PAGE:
The OVA is based on incidents in the novel Koshoku Ichidai Otoko (The Life of an Amorous Man) by Saikaku Ihara (1642-1693).
The libertine Yonosuke has spent his life in quest of sexual pleasure. Disowned by his father when he is 18, 16 years full of changes and errantry begin for him. At the age of 34 he inherits great wealth after his father dies and forgives his son.
When Yunosuke is 57, one of his tailors named Juzo comes to see him before setting out for Edo. Juzo has unwisely made a bet with a rich merchant that he will sleep with Komurasaki, the most renowned courtesan in Edo, at the first meeting. If he succeeds he will win a villa, but if he loses he will lose his manhood. Yunosuke is astounded as he knows how hard the high rank courtesans are to get. The best courtesans, tayu, as well as being beautiful, were highly cultured, being educated in poetry, calligraphy, painting, tea ceremony and other arts. They would sleep with a client only on the third night, the other two nights being taken up with greetings and other social niceties. Humble men, to whom they were 'untouchable' looked up to them with adoration and respect.
Indignant, Yunosuke takes Juzo to Edo and enables him to meet Komurasaki. Juzo is a laughing-stock at the tea-house because of his nervousness, and soon becomes drunk. He clumsily spills wine over the courtesan's kimono. Unperturbed, she goes out and returns wearing a fresh, identical garment.
This was a very interesting little film. Based off of a novel from the Edo period, it does well at capturing the atmosphere of the time. The art style was far and beyond almost anything I've seen before. It took a traditional, almost Ukiyo-e style of Japanese art and animated it into a consistently beautiful thing to look at. However, art style alone can not support a film. While the story certainly had nothing wrong with, it truly wasn't anything special. While somewhat suspenseful, occasionally amusing and amounting to an interestingly bizarre ending, the plot never really immerses the viewer as much as its art
initially takes the viewer into the setting.
I recommend it, even if only for the art style. It does have a relatively interesting story, just don’t expect anything too gripping.
“He slept with every famous courtesan, attaining the very zenith of sensuality.” — Narrator
“Damn! Those Chinese herbs must be powerful as hell to prevent all those STD’s.” — Krunchyman
In the days where internet porn did not exist (let alone a nudie mag), amorous old men peeked through tiny slits of doors while their soft-headed friend(s) slipped their trouser snake into a prestigious courtesan’s delicate — albeit used — flower. It’s not the most decent way to get your clam sauce out, but not everyone can sling dick with 3742 women and 725 men (like Yunosuke).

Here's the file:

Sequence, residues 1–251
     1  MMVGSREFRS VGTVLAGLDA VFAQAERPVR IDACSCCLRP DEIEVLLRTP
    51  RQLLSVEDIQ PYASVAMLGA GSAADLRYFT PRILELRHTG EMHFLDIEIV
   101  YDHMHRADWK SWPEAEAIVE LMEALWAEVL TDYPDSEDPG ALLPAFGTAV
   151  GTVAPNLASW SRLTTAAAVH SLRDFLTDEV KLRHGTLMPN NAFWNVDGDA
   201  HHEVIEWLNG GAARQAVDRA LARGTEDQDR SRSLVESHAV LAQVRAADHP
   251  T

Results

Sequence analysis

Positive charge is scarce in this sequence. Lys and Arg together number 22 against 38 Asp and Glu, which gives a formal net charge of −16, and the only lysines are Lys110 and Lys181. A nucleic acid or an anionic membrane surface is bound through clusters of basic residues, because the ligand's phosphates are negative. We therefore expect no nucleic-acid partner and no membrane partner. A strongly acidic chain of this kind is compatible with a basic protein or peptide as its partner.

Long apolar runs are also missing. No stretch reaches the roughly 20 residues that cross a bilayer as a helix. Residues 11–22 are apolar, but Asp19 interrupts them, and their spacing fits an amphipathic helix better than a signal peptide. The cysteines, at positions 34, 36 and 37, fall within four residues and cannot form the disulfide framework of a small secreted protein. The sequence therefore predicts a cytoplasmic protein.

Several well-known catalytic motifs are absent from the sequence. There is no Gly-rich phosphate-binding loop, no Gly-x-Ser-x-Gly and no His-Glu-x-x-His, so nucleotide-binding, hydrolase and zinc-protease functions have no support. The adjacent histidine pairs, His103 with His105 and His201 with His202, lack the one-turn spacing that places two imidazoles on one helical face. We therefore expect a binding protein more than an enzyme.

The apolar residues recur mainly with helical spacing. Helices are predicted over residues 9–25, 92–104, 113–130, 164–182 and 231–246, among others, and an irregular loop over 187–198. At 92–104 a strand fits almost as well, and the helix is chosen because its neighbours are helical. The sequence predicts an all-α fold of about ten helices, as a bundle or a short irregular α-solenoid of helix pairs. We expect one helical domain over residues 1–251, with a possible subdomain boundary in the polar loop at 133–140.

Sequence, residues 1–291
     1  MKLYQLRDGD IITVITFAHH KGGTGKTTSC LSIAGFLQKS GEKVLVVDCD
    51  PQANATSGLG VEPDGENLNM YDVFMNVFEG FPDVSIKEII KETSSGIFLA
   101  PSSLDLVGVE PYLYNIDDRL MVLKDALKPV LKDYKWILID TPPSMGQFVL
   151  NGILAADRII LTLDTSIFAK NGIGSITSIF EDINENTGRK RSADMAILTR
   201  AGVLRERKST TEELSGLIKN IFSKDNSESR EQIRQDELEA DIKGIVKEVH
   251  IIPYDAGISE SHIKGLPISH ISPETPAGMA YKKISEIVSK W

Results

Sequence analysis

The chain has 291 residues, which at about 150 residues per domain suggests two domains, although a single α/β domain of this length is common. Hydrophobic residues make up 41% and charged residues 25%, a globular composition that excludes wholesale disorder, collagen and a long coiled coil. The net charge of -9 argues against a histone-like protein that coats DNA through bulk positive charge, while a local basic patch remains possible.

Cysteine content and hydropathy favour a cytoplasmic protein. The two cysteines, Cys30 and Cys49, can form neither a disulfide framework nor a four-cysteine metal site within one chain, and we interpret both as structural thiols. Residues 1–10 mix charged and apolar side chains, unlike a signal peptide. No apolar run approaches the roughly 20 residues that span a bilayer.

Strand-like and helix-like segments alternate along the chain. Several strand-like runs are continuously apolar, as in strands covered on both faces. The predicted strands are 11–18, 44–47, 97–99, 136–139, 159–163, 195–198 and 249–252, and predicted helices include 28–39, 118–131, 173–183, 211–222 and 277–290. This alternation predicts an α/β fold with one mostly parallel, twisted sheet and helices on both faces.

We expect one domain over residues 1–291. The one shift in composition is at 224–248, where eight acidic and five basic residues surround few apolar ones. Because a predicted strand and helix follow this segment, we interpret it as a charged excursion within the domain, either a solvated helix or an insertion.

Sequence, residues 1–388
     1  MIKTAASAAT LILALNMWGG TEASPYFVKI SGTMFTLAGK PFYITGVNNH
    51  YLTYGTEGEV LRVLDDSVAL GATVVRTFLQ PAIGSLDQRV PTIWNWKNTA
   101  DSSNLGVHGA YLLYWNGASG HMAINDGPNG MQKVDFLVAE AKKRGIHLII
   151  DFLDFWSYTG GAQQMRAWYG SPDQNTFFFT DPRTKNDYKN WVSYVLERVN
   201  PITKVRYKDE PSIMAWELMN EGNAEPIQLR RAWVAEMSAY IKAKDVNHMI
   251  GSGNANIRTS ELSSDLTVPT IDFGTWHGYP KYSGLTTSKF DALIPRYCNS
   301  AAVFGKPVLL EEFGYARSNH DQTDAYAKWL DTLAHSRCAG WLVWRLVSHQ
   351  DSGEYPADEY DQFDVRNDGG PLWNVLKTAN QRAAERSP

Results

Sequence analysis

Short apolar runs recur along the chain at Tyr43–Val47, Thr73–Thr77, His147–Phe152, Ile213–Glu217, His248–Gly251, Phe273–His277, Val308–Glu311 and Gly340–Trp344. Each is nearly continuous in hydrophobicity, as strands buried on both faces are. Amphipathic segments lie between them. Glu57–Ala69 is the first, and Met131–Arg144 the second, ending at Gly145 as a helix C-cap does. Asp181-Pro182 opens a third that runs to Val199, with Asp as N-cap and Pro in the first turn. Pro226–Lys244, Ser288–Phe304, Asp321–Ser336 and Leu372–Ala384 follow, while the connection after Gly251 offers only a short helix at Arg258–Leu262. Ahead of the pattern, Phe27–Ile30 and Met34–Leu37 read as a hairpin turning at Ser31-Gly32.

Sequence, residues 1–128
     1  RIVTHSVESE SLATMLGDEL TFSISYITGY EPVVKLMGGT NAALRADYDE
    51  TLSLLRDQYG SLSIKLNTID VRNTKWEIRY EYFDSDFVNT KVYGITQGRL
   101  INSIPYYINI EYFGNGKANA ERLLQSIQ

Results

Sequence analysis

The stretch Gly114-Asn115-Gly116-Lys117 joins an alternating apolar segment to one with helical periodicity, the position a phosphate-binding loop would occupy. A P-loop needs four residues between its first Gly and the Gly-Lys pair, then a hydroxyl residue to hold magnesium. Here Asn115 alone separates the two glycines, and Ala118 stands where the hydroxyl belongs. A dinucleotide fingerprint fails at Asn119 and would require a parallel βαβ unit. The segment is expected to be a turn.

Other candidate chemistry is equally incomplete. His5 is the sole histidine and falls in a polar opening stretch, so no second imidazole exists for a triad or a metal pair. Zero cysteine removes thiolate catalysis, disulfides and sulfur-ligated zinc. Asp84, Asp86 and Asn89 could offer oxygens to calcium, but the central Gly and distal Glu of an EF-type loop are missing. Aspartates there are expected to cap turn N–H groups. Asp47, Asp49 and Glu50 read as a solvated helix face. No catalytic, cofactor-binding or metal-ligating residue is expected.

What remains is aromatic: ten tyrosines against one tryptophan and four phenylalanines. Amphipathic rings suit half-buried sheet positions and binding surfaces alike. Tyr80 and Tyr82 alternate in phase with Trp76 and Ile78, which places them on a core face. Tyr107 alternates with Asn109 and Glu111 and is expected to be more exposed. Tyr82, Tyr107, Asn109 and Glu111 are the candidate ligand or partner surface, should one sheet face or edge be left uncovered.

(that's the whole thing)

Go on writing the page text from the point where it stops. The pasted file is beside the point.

The Sensualist (Koushoku Ichidai Otoko) is not so
much a story, as it is an artistic representation of Yunosuke’s — various — sexual encounters. Symbolic imagery is a vital component to understanding the words that are never spoken. The crane, for example, could be a reference to a hand-job or doggy-styled position in which the man grabs the women’s arms and pulls them back. Numerous fish are shown during the acts of lust, which is known as a “pesce” in Italian (slang for Italian penis). In addition, Fish are natural swimmers, meaning that the imagery could have been a reference to Yunosuke’s swimmer’s (i.e. sperm); or, perhaps, it was an acknowledgment of the “fishy” smell some women have in their vaginal region (but that seems rather crude for a visual metaphor).
Intense shades of red are used to enhance the passion-filled scenes and exemplify the predilection of most men towards women dressed in red — hence the name, red-light districts. And, of course, the abundance of flowers represents all the women (i.e. vagina’s) Yunosuke has been with over the years/decades. If you don’t believe me, just look at a Georgia O’Keeffe paintings.
While the artwork and associated symbolism were certainly impressive, the lack of a compelling story prevented The Sensualist from being a title worth remembering. Essentially, the central message is that sex-starved individuals, who are subservient to the female form, should look for an island of sexy ladies when their youthful looks wither away to father time.